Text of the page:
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Delusions of Power 

Is it smart to jump into the Bay Guardian's version of public power, without even studying whether it will save money?

Wednesday, Apr 4 2001
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Page 7 of 8

For her part, Parks would prefer for the city to take over local distribution wires -- "for control," she says -- but, she notes, that move does not require the creation of a MUD. The Board of Supervisors could seize the PG&E wires in a condemnation process and, under one scenario, lease them back to the utility to pay off the acquisition cost. Or, because Hetch Hetchy Water and Power is already a municipal utility, its scope could be expanded through a city charter amendment to serve all of the city's electric energy needs; that service might, or might not, involve purchase of electric lines.

In fact, most public power experts interviewed for this article say that aggregation and gradual municipalization, overseen by the Board of Supervisors, would carry far less expense and risk than expropriation of PG&E's infrastructure by a MUD. But such alternatives have drawn the wrath of the those who are adamantly pushing a municipal utility district as a solution to San Francisco's energy problems. After Supervisor Tony Hall suggested studying the possibility of establishing a city-run utility two months ago, both the Bay Guardian and Eisenberg accused Hall of being a pawn of PG&E.


In 1995, the San Francisco Board of Supervisors hired an energy consulting firm to evaluate the feasibility of taking over PG&E's distribution system. The San Francisco Bay Guardian objected to the selection of this particular consultant, claiming that the company had performed work for PG&E and, therefore, had a conflict of interest. The Guardian said that the city should have hired the firm of J.W. Wilson & Associates. Indeed, Wilson, an economist specializing in electric utility matters, has impressive public power credentials, including service on several federal and state regulatory commissions during the past quarter-century.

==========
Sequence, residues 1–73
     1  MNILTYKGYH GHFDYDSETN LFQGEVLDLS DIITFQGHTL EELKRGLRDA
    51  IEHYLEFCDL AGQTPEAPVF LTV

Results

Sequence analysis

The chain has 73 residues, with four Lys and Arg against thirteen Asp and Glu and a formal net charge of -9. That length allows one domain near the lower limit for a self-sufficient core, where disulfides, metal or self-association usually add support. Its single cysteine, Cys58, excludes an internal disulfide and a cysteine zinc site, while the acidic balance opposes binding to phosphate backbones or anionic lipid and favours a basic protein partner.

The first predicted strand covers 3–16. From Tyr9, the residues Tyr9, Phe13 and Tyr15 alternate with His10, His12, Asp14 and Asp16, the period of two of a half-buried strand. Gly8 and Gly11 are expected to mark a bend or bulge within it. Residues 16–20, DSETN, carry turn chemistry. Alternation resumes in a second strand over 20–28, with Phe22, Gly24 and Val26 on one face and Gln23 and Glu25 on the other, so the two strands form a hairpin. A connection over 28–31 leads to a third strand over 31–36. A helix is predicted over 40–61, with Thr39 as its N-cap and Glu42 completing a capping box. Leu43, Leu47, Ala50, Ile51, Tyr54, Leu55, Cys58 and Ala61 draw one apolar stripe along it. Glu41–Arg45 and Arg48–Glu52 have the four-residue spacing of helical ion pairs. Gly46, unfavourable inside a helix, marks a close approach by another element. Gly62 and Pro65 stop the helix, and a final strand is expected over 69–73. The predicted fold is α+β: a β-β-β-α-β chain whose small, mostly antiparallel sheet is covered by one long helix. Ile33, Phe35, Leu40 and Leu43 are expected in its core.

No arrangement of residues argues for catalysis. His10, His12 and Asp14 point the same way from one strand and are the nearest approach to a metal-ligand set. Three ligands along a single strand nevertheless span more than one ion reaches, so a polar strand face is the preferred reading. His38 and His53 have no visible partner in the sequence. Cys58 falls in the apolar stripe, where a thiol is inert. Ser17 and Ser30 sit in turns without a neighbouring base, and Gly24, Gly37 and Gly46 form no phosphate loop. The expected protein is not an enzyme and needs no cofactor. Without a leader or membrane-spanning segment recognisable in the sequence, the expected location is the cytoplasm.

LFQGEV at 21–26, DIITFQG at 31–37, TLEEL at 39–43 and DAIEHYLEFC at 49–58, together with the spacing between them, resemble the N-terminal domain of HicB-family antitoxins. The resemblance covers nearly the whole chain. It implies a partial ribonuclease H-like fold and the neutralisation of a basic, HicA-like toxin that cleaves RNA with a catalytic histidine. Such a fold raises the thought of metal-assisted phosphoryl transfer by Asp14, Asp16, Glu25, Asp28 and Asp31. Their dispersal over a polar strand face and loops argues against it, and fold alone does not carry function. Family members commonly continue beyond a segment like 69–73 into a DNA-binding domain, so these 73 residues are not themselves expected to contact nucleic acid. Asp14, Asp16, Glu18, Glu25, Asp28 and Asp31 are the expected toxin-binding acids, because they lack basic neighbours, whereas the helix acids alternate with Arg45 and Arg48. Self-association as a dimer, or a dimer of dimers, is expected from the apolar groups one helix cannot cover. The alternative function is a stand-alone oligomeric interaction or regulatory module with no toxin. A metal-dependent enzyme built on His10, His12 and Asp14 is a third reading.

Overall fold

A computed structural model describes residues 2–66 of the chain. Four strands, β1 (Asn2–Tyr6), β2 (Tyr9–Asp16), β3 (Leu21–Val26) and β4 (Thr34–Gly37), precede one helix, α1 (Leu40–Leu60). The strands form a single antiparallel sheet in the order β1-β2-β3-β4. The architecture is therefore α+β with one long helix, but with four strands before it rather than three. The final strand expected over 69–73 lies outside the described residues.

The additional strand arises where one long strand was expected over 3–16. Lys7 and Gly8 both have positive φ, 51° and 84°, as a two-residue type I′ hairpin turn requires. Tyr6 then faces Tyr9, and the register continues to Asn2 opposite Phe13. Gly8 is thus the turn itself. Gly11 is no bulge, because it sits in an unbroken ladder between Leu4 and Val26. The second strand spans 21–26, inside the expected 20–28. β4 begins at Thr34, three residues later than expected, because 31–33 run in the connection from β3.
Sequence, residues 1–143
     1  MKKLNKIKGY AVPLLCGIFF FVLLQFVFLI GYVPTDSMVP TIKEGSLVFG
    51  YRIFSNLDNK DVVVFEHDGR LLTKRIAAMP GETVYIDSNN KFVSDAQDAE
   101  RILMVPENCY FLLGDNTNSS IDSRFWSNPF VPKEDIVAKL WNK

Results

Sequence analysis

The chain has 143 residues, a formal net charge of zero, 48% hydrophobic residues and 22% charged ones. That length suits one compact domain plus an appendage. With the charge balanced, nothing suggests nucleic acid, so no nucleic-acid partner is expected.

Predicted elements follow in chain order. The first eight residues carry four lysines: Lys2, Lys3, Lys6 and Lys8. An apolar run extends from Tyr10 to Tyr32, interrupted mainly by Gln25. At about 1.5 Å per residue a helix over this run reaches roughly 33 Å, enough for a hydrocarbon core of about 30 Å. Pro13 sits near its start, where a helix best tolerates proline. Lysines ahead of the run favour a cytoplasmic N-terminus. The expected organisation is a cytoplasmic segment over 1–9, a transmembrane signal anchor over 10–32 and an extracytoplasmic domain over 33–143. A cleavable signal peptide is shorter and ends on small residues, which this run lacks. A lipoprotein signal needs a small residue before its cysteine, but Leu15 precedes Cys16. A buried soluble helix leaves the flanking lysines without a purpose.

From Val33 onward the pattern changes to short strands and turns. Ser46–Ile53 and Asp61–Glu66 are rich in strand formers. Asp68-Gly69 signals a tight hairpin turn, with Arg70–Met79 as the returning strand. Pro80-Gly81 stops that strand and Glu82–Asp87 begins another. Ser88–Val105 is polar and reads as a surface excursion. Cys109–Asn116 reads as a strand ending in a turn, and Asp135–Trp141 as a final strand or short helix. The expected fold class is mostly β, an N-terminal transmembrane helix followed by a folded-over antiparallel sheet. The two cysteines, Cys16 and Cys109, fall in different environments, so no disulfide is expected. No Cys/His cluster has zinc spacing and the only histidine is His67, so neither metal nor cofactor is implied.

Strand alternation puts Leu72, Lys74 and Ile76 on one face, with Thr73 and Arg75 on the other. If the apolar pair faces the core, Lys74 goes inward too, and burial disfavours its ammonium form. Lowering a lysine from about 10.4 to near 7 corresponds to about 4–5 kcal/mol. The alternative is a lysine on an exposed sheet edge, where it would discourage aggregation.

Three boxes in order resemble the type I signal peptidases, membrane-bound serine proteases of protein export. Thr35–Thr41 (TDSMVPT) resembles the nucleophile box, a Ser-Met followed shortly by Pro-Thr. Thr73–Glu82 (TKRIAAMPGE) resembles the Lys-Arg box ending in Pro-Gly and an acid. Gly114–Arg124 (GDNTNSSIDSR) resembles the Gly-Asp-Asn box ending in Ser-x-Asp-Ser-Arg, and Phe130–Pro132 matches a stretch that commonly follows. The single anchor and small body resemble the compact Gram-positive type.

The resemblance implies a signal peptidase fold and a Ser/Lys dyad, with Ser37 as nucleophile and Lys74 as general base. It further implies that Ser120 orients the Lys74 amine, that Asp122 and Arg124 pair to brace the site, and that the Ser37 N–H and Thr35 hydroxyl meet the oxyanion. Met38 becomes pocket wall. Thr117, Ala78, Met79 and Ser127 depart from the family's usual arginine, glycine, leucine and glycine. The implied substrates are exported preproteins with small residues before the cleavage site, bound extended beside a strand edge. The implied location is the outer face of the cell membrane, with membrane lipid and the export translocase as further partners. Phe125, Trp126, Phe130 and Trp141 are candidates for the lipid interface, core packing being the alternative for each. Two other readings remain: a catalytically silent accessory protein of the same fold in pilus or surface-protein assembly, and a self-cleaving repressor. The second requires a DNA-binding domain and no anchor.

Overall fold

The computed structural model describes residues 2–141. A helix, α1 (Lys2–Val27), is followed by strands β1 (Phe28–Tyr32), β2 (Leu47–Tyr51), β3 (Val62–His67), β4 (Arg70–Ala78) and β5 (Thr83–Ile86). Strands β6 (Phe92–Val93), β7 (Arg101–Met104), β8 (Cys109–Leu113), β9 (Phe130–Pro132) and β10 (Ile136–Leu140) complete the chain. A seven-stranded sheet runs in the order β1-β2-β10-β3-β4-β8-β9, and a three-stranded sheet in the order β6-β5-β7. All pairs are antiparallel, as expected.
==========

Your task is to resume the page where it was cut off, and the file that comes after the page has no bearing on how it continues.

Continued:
In an interview for this article, Wilson directly refuted the claim, trumpeted by the Bay Guardian for more than 30 years, that the city of San Francisco is violating the Raker Act, and that the act requires the city to have a public power system. "The Raker Act," Wilson said, "does not require San Francisco to municipalize its electrical system. I looked into it a few years ago. The Raker Act would permit San Francisco to provide municipal service, but I am not aware of anything in the Raker Act that mandates municipalization; quite the contrary. The act does not say that there has to be a municipal utility district that serves all of San Francisco's electricity customers. Aggregation would be a good idea; any community can do it."

Interviews with a score of public power experts and lawyers -- as well as a comprehensive investigation by the United States Department of the Interior a decade ago -- make it clear that the Raker Act does not require San Francisco to operate a citywide system of public power, and the city is not selling Hetch Hetchy electricity to private companies for resale.